Friday, 25 July 2008

Pinch yourself

It's true? Three weeks: I have given away my alberto rinaldi suit, moved to the far industrial reaches of this island, corrected my vision of the last 20 years, and disguised myself as a student-card carrying 18 year-old. (Disillusioning my classmates about my age is the best fun. The China posse even screamed in disbelief and seized my IC.) And best of all, DANCING every day. And talking and writing and thinking about dance not on the bus or the loo, but in my focused time.

After my first week at NAFA, my groaning ankles and back are glad to remind me that it's real. Change is good. Change is possible! I'll save my miserable moments for later. Nothing else feels like this.

my new address on Bencoolen Street.
irrelevantly, also one of the worst designed school buildings and logos ever

Wednesday, 2 July 2008

the little company that could

This contemporary triple bill was a pleasant surprise from SDT. They are perking up and saying "I can" by breaking out of the tried and tested repeat telecasts of Coppelia, Maninyas and Lambarena. Instead, they plucked some ambitious pieces from the repertory of top ballet companies of the world - ABT and Dutch company Introdans. And another neoclassical gem, which is my first introduction to the work of the Dutch National Ballet.

The company emerged luminous in A million kisses to my skin by David Dawson and Glow-stop by Jorma Elo, who is apparently the new enfant terrible of neo-classical ballet. Elo is from Finland, of all random non-ballet-powerhouse places. (A nice interview with Elo by SDT. I hope they do indeed commission a work from him!)

What was most challenging about these group pieces is that they are typically set on companies with an outstanding ballet corps. You need more than just a couple of star ballerinas for these - kisses has a cast of 9 and glow-stop of 6, equally demanding roles. SDT delivered. Leaping, exuberant trios and duos in blue flitted across a glowing white stage in kisses. The star of the night was Chihiro Uchida. She took on her solo and duets in kisses with a charming zest and an iridescent presence. Glow-stop was a mysterious aviary in sensuous red, revealed in a series of cold spot lights. Elo's choreography was a joy, echoing the snap-bang of Ratmansky's Middle Duet, and the playful freedom of a boxful of wind-up toys.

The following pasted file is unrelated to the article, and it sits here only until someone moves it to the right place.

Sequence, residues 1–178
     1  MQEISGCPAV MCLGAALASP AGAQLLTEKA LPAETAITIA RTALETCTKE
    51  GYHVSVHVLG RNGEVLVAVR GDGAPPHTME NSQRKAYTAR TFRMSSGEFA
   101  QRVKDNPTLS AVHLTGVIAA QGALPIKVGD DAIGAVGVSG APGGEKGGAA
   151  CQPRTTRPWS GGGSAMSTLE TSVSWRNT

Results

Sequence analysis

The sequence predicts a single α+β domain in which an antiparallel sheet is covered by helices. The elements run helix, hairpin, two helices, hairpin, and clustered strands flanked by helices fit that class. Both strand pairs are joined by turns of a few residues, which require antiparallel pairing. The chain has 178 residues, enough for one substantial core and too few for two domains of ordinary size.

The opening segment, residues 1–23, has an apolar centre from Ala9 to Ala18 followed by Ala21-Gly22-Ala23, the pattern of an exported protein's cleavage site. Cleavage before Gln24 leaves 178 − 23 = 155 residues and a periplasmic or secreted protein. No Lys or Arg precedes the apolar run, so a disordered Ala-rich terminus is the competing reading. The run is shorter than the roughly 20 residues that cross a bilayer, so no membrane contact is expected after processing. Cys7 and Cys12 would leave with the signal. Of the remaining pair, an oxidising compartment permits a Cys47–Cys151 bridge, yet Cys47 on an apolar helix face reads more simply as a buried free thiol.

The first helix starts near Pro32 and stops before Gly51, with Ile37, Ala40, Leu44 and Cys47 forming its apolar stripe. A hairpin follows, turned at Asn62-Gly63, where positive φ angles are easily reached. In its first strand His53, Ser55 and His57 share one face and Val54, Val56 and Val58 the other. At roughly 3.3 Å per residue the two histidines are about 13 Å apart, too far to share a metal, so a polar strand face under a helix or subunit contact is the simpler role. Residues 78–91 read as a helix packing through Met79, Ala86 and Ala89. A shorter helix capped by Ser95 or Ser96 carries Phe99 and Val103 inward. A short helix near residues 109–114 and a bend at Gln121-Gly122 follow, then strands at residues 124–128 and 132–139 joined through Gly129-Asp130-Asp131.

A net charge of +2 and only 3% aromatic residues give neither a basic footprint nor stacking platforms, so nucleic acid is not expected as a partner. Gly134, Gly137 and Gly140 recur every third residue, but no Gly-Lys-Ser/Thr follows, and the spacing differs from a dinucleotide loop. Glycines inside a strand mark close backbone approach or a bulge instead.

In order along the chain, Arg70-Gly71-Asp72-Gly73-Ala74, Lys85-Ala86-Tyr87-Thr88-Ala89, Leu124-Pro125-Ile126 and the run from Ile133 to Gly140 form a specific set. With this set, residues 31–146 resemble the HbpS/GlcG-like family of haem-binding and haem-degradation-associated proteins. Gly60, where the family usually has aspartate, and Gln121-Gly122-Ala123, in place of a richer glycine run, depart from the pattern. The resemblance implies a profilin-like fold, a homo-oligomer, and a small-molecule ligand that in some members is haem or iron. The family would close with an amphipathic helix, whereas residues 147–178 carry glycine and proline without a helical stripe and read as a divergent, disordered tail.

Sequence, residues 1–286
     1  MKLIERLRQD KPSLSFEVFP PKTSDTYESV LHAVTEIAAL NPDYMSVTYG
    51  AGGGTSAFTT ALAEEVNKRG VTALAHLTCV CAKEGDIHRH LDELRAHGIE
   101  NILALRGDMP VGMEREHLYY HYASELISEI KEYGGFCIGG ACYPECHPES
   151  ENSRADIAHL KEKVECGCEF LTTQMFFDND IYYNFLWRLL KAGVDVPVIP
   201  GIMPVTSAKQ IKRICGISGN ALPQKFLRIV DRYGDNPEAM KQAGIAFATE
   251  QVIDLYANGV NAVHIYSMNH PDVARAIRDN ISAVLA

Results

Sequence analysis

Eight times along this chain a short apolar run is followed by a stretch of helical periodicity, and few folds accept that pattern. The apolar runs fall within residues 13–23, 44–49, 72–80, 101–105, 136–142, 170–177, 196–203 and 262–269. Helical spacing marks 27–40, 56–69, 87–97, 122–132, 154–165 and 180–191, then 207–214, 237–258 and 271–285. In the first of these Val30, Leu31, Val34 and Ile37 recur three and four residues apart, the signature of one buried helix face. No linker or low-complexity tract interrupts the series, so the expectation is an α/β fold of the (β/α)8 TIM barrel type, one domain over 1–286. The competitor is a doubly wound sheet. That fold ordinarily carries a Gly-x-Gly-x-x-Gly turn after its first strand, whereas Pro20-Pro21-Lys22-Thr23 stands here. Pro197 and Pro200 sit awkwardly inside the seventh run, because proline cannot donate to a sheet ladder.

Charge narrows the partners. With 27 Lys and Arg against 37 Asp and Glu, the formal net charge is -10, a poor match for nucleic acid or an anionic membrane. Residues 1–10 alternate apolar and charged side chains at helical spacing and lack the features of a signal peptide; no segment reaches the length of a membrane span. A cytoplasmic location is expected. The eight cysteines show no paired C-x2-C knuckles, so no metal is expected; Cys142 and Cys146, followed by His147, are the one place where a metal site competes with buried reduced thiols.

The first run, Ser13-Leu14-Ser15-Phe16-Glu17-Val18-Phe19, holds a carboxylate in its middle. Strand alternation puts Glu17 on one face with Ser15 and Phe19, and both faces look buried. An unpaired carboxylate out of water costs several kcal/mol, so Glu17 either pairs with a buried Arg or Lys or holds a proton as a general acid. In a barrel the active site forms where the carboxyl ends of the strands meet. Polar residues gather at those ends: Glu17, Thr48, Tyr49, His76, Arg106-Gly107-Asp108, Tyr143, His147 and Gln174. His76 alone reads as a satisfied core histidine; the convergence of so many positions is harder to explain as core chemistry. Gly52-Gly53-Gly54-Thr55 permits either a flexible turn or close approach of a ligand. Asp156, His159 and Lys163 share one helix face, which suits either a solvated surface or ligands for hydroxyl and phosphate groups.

SDT did a great job in this show. But at times the rough edges showed. Certain sections looked a little under rehearsed, and at moments some dancers struggled to keep up with the athletic choreography. The heavy and contemplative Evening by Graham Lustig piece proved too challenging; the lifts were stilted and the dancers just couldn't seem to drum up the required dramatic lyricism. The poet's collapse at the end of the piece appeared to be one of boredom.

Okay, who are we kidding. This isn't ABT. But they're ambitious and I think it will take them far. I was proud that evening to be able to say that this is our national ballet company.

-Continuum by Singapore Dance Theatre on 13 June 2008, The Esplanade Theatre